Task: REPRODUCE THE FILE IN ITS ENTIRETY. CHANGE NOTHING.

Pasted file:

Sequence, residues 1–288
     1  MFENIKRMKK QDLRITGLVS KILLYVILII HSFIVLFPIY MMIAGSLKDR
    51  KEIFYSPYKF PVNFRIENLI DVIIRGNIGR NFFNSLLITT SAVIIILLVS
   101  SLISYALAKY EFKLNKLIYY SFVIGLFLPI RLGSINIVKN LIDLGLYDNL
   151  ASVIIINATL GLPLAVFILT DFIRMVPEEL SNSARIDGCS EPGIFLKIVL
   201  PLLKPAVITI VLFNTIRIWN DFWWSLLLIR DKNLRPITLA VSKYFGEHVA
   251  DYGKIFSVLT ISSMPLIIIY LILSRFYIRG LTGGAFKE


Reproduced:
Sequence, residues 1–288
     1  MFENIKRMKK QDLRITGLVS KILLYVILII HSFIVLFPIY MMIAGSLKDR
    51  KEIFYSPYKF PVNFRIENLI DVIIRGNIGR NFFNSLLITT SAVIIILLVS
   101  SLISYALAKY EFKLNKLIYY SFVIGLFLPI RLGSINIVKN LIDLGLYDNL
   151  ASVIIINATL GLPLAVFILT DFIRMVPEEL SNSARIDGCS EPGIFLKIVL
   201  PLLKPAVITI VLFNTIRIWN DFWWSLLLIR DKNLRPITLA VSKYFGEHVA
   251  DYGKIFSVLT ISSMPLIIIY LILSRFYIRG LTGGAFKE